Maine Marijuana Law Basics


Although Maine voters legalized the use of recreational marijuana at the polls in November 2016, and legalization took effect in January, a veto issued Nov. 3 by Gov. Paul LePage, upheld a few days later by the Maine House, have made it likely that commercial production and retail sales are probably years away.

A current statewide moratorium on such sales expires Feb. 1, 2018, but Maine's Legislature reconvenes in January, so the moratorium could either be extended or replaced by an implementation law.

Some towns, like Fryeburg and Hallowell, have placed a moratorium on applications to the planning board for marijuana-related businesses. It is set to expire next January. 

Fryeburg Town Manager Sharon Jackson said selectmen hope to have a marijuana zoning ordinance for voters to consider next June.

While seven other states and the District of Columbia have legalized adult-use cannabis, only five have launched retail markets. Massachusetts, which also passed a recreational use law last fall, plans to begin sales next year.

However, marijuana remains illegal at the federal level. New Hampshire, which decriminalized possession of small amounts of marijuana in July, has posted on the state Department of Health and Human Services website a notice saying violators could be punished with incarceration and fines, with no exemptions for medical marijuana card-holders.

A confirmed marijuana user could also risk losing security clearance, a license to drive a commercial vehicle and the right to purchase firearms and ammunition.

During a time where the future of the recreational cannabis market remains uncertain, we present a reminder about what exactly is marijuana's current legal status in Maine and our neighbor to the south New Hampshire


• Possession of small amounts (2 1/2 ounces or less) and limited home cultivation of marijuana are legal for adults 21 and older. "Adults may also cultivate up to six mature marijuana plants at their residence or on another adult’s property with the owner’s permission," according to the Marijuana Policy Project, a nationwide clearinghouse of information on drug laws.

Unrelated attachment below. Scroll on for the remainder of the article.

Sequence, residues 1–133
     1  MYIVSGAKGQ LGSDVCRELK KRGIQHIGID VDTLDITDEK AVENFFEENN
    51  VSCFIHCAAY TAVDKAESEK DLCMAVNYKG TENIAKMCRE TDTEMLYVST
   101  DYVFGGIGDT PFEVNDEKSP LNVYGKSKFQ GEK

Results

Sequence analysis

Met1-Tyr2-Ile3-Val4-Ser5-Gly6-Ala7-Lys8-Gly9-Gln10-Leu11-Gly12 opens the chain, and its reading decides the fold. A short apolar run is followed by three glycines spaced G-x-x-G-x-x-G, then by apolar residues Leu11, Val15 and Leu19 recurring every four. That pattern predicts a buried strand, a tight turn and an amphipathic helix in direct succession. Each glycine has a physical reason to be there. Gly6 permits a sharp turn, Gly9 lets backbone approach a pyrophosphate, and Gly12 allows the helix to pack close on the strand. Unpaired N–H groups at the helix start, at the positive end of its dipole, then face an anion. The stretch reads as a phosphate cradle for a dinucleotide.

• It's legal to give away or "gift" marijuana to adults 21 and older, but it remains illegal to buy or sell. 

• Mainers with certain medical conditions can ask their doctor about becoming a medical marijuana patient. Patients may grow their own marijuana, have a caregiver grow it for them or buy it from a dispensary.

The allowable medical conditions are: Alzheimer’s disease, amyotrophic lateral sclerosis (ALS), cachexia or wasting syndrome, cancer, chronic pain, Crohn’s disease, epilepsy, glaucoma, hepatitis C, HIV or AIDS, Huntington’s disease, inflammatory bowel disease, multiple sclerosis, nausea, nail patella syndrome, Parkinson’s disease and post-traumatic stress disorder (PTSD).

• Maine law allows what it terms "caregivers" to grow and process marijuana on behalf of a patient. Local caregivers include Adam and Amy Martinese of Brownfield.


New Hampshire

• Gov. Chris Sununu signed HB 640, a marijuana decriminalization bill, on July 18,. It became law Sept. 16 and reduces penalties for possessing 3/4 ounce or less of marijuana "from a criminal misdemeanor to a civil violation punishable only by a fine," states the MPP.

• New Hampshire has a medical marijuana law. According to N.H. DHHS,  those with the following conditions can apply for a therapeutic cannabis card if their doctors approve:

A) Cancer, glaucoma, positive status for human immunodeficiency virus, acquired immune deficiency syndrome, hepatitis C, amyotrophic lateral sclerosis, muscular dystrophy, Crohn's disease, multiple sclerosis, chronic pancreatitis, spinal cord injury or disease, traumatic brain injury, epilepsy, lupus, Parkinson's disease, Alzheimer's disease, ulcerative colitis, Ehlers-Danlos syndrome.

(B) A severely debilitating or terminal medical condition or its treatment that has produced at least one of the following: elevated intraocular pressure, cachexia, chemotherapy-induced anorexia, wasting syndrome, agitation of Alzheimer's disease, severe pain that has not responded to previously prescribed medication or surgical measures or for which other treatment options produced serious side effects, constant or severe nausea, moderate to severe vomiting, seizures, or severe, persistent muscle spasms; moderate to severe pain and post-traumatic stress disorder.

• In New Hampshire, marijuana is dispensed at alternative treatment centers with locations in Merrimack, Plymouth, Dover and Lebanon. A "designated caregiver" may purchase or process marijuana for patients but cannot grow it.

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